At the top of the trail, me and Danger Violet stare down into the blooming canyon for signs of banditos or grizzlies or Indians. A bright sun in the sky pings off the high snowy peaks above us. The creek in the valley is raging drunk on runoff snow. Even up here we can hear the gushing rapids. Danger Violet lets out a high-pitched sigh and reaches out to grip my finger with her small pink fist.
I know, I say. We gotta go down there, hell or high water.
She squeezes tight then lets up a little. We'll be alright, Mountain Daddy,...she says without words.
A crow flies straight into a picker bush.
We'd better get movin', Danger, I tell her. I can't let on that I am jittery. Fear has no place in this land. With a snap crack of the reigns the two beasts whose purpose in this world is pulling us begin to move hard; black fur ripples over their awoken muscles like a horrific sea heaving charred and drowned sailors at a midnight sky. They are a team -- related maybe, probably in-bred-- from over in Labrador, a small mining outpost way back in the Siskadee Valley where beasts and peoples mix in bad ways and the outcome can be as perverse, as hellacious as these two in front of us. Half man? Half oxen? Wolf, whale? No one knows. No one wants to know. Each of their living moments is nothing but a curse to them. They reek of Satan's innards. One is called Max and one is called Milo and it wouldn't surprise me if either one of 'em turned around any second and put high holes in my gizzard, them being so protective of my green young partner and all. Danger Violet is the only one they recognize. The rest of us are just biding our time in their filthy company.
We descend on loose rock. I try and take things ginger but the beasts pull us in their desperate way. Beasts out-know any darn fool man that this is mean country and its best to pass down and through swiftly and silent. My burden is made more cumbersome: Danger Violet is strapped to my chest in a sacred elk belly Indian pouch. As things have panned out Danger Violet ain't too fond of walking and I'll be livershot if I'm the man to argue with her. So she moves across the wilderness bolted to my chest like a Lakota arrow come home to roost in my rotted heart. Our ways are our ways.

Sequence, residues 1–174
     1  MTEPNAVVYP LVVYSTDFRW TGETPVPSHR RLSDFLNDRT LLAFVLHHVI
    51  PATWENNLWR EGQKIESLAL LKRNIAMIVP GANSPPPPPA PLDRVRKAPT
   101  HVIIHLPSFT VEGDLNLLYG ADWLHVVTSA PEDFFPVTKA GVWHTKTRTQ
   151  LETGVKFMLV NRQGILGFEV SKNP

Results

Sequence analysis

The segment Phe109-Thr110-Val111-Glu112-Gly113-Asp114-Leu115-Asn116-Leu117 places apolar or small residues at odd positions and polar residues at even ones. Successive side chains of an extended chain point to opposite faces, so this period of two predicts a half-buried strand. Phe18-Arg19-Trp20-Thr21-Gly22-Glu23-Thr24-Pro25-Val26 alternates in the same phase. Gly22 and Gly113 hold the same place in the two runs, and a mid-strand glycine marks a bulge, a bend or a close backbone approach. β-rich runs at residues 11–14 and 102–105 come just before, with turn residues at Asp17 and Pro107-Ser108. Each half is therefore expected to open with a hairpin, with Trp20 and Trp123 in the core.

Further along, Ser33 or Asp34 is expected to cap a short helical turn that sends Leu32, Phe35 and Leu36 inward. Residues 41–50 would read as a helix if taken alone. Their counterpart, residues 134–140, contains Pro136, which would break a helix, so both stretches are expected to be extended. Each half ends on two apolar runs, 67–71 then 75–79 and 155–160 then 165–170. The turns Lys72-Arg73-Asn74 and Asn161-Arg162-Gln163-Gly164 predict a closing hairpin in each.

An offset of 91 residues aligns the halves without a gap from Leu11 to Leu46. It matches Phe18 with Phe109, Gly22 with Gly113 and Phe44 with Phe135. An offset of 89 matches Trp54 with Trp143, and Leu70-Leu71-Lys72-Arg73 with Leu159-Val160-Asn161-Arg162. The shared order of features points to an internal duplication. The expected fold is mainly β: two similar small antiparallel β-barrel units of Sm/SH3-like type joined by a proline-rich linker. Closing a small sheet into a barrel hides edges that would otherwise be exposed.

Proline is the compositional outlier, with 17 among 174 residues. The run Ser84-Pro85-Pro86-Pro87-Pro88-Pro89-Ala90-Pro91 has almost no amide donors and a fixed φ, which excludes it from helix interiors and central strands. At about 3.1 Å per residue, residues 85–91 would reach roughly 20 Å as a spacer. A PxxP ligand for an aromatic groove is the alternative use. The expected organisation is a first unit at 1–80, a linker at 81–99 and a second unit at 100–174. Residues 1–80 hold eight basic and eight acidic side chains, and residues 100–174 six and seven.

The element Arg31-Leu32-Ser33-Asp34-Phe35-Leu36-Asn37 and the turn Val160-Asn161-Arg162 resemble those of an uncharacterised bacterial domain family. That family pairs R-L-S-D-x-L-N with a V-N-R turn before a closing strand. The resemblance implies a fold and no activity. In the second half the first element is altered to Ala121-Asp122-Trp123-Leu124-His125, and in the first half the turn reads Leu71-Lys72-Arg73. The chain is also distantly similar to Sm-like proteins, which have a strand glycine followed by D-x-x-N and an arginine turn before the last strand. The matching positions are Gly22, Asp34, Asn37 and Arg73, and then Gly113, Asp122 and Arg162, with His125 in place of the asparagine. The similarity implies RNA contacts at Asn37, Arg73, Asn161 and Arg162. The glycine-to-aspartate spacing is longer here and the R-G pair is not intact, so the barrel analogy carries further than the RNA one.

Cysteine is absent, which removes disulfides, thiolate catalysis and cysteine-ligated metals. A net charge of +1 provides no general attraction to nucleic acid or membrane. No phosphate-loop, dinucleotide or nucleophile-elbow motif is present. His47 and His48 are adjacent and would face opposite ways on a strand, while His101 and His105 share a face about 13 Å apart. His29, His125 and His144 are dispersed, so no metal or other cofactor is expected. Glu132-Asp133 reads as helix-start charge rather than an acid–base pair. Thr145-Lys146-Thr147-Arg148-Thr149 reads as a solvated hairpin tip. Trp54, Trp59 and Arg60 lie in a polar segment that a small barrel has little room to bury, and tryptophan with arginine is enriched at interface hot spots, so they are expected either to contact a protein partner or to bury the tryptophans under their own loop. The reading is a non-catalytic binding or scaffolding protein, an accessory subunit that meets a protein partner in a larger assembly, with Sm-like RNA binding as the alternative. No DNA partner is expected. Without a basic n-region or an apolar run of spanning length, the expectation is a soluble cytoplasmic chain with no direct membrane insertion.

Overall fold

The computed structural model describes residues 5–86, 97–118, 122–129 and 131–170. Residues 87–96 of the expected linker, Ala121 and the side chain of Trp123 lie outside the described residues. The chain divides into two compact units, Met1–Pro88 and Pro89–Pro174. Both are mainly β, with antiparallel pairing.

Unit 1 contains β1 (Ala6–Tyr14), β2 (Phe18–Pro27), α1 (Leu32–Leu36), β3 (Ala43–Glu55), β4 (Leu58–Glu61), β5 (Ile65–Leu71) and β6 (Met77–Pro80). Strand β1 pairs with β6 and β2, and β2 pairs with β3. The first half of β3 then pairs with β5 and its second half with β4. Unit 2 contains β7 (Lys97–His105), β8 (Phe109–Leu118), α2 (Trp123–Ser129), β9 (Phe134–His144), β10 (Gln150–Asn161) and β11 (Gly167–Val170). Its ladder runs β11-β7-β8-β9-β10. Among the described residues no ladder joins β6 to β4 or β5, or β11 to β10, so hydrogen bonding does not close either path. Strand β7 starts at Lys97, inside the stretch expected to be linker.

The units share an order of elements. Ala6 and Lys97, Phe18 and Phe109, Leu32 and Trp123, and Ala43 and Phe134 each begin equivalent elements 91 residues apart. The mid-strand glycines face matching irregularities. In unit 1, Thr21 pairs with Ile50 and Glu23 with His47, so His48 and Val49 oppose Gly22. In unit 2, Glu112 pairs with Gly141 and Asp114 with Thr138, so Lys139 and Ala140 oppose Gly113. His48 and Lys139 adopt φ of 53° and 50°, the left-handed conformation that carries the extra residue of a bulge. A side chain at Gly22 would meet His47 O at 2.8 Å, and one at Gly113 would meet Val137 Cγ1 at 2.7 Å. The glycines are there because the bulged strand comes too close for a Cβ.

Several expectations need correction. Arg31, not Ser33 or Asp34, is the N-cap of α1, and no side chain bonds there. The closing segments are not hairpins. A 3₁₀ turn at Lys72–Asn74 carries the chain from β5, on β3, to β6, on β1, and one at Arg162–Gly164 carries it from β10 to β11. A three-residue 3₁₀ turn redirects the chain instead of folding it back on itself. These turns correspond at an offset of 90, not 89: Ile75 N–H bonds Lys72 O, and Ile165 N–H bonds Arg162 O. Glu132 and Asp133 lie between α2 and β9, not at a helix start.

In the river bottoms I cut the black devils loose. In an instant they are gone. They need water and will do us more good if they are way out in front. Should a wildcat get stealthy, they'll wind it and tear it to bits or perish in the pursuit. And should Indians appear in the ways of a summer mist, well, their bullet ridden beast bodies will make good places for Danger Violet and I to hide behind, or under should it come to that.
We are alone here now, Mountain Daddy and Danger Violet. And we still have so damn far to travel. The late afternoon sun collapses down upon the tender green shoots and buds of early spring. Without each other we might not make it out of here. Our bleached white bones crinkle cut with a thousand coyote's teeth and laid out in these lush grasses for some half-drunk trapper to stumble on some other season long from now. Yet, we are not alone. We are together. And together by God we are determined to climb up out of this godforsaken canyon someday soon. Soiled but unbroken. Then, by the grace of so many unseen angels, we'll wander many many miles back to the homes we left long ago for reasons we can no longer even recall.